Coastal England is a melancholy place in My Policeman. From indigo light filters that darken the ocean waves to an overwrought musical score frothing above them, director Michael Grandage assembled every aspect of his movie in a minor key. This bifurcated film is divided into an energetic past that slowly takes a mournful turn towards an enervated, much sulkier present.
Harry Styles Gives an Arresting Performance in Steamy Yet Gloomy ‘My Policeman’
The story begins in the sun-dappled 1950s when the seaside is chock-full of skimpy swimsuits and consequential flirtations. By the time we arrive in the 21st century, the three young leads, including pop star and Hollywood neophyte Harry Styles, are replaced by a trio of older actors. Each one of them is repeatedly shown in isolation, often staring out to a turbulent sea. The autumnal mood of middle-age regret has dissolved all of those good, good summer vibrations.
Grandage and his editor Chris Dickens overcomplicate the melodrama with awkwardly placed transitions between past and present. Even the flashbacks aren’t told in chronological order. When Tom (Styles) is introduced to Marion (Emma Corrin) through mutual friends, they connect and begin a mutually tentative romance that leads to marriage. But the audience later learns that Tom’s already been involved in a passionate — and I mean lusty — affair with Patrick (David Dawson).
My Policeman had the potential to become a small but devastating tragedy comparable to 2017’s On Chesil Beach, another British seaside love affair gone wrong. But Grandage gives up on grandeur to divert our attention to the future of gloom. It’s problematic that the older cast of accomplished character actors doesn’t resemble their younger counterparts. It took me the better part of half an hour to realize that actor Linus Roache was meant to be an older version of Styles — not the more famous Rupert Everett.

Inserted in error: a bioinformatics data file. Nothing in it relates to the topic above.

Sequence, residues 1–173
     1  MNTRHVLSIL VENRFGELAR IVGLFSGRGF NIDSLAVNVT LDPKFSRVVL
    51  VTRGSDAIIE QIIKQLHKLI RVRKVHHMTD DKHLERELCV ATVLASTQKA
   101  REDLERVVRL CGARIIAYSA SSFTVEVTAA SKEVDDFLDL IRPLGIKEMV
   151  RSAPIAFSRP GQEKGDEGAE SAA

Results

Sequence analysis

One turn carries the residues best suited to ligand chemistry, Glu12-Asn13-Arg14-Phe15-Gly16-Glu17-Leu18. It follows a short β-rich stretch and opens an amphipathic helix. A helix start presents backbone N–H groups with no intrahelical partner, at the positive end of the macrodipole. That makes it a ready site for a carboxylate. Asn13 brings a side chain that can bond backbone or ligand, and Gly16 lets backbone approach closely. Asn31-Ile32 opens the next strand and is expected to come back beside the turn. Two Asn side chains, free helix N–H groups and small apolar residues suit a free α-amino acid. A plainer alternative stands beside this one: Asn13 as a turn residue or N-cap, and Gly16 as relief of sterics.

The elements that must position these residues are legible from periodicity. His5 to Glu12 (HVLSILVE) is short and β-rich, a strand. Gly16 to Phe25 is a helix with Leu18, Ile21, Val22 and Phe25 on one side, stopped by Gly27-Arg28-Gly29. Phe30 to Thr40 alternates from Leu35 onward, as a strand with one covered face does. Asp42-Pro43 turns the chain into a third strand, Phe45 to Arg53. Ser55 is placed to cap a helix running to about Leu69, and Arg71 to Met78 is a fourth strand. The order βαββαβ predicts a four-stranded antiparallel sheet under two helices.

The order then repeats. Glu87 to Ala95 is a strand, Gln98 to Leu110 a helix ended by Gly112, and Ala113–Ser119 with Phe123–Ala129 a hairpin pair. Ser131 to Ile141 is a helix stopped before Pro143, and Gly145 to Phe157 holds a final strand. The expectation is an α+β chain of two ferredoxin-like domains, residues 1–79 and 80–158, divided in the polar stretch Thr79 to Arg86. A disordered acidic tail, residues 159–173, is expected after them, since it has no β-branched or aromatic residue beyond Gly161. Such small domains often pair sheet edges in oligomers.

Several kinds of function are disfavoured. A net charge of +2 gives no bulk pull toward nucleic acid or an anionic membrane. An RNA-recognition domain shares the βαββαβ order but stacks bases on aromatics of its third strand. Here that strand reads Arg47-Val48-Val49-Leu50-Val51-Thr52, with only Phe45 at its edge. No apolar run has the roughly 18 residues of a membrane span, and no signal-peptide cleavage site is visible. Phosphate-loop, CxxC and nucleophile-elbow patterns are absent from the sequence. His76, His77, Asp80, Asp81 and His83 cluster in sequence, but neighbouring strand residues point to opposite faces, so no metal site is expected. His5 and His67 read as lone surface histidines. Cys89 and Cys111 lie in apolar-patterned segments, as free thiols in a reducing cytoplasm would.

The script also does a disservice to the characters’ complex relationships. Future Marion is played by Gina McKee (of Notting Hill), who’s given pages and pages of monologues expressing a lifetime of marital disappointment. She’s full of recriminations, trying to liberate Tom and unburden herself, to atone for a fatally misguided decision her younger self made.
When Roache is on screen he’s short-tempered and brusque with Marion. Or he’s out taking cliffside walks above a crashing gray ocean. But it’s Everett’s role that’s thankless. As the older Patrick, he’s unable to walk or care for himself, to articulate fully-formed thoughts or coherent sentences. My Policeman concludes with a strange imbalance: the two men at the center of a love story can’t carry on a conversation with each other.
The younger cast has better material to work with. Although Styles has attracted most, if not all of the publicity for the film, My Policeman wouldn’t work without Dawson and Corrin’s careful performances. After playing Princess Diana in The Crown, Corrin knows exactly what to withhold and what to display when portraying a frustrated, morally conflicted character. Marion is painfully aware of Tom’s confusion but, at her own peril, chooses to ignore it.
Dawson and Styles, meanwhich, have credible chemistry, and their sex scenes are filmed with a surprising amount of intensity. Choreographed to show off their bodies, these moments also capture their colliding souls. Dawson never lets the audience forget Patrick’s emotional investment in Tom, even as Styles’ character responds to and resists Patrick’s desire for him.
Styles may or may not be queerbaiting his music fans in real life, but in this film he embodies the role of a closeted gay man at a time when and in a place where being gay was a punishable offense. Tom’s ambivalence is a self-defense mechanism that makes sense, and especially so in the context of his professional life as a policeman.
If the film told its 1950s story without traveling back and forth in time, My Policeman would resonate in the sorrowful way of Brokeback Mountain. Instead, it becomes a sentimental drama. But sentimental dramas that set out to excavate homophobic 20th century laws, however imperfect they may be, often succeed as both tearjerkers and history lessons. Saturday Night Live mocked recent movies like Portrait of a Lady on Fire and Ammonite, but films like these remind audiences that queer folk have had to be cautious about their private lives. Risking physical violence, imprisonment or life as an outcast, they always had to hide matters of the heart.
‘My Policeman’ opens in Bay Area theaters on Friday, Oct. 21. Details here.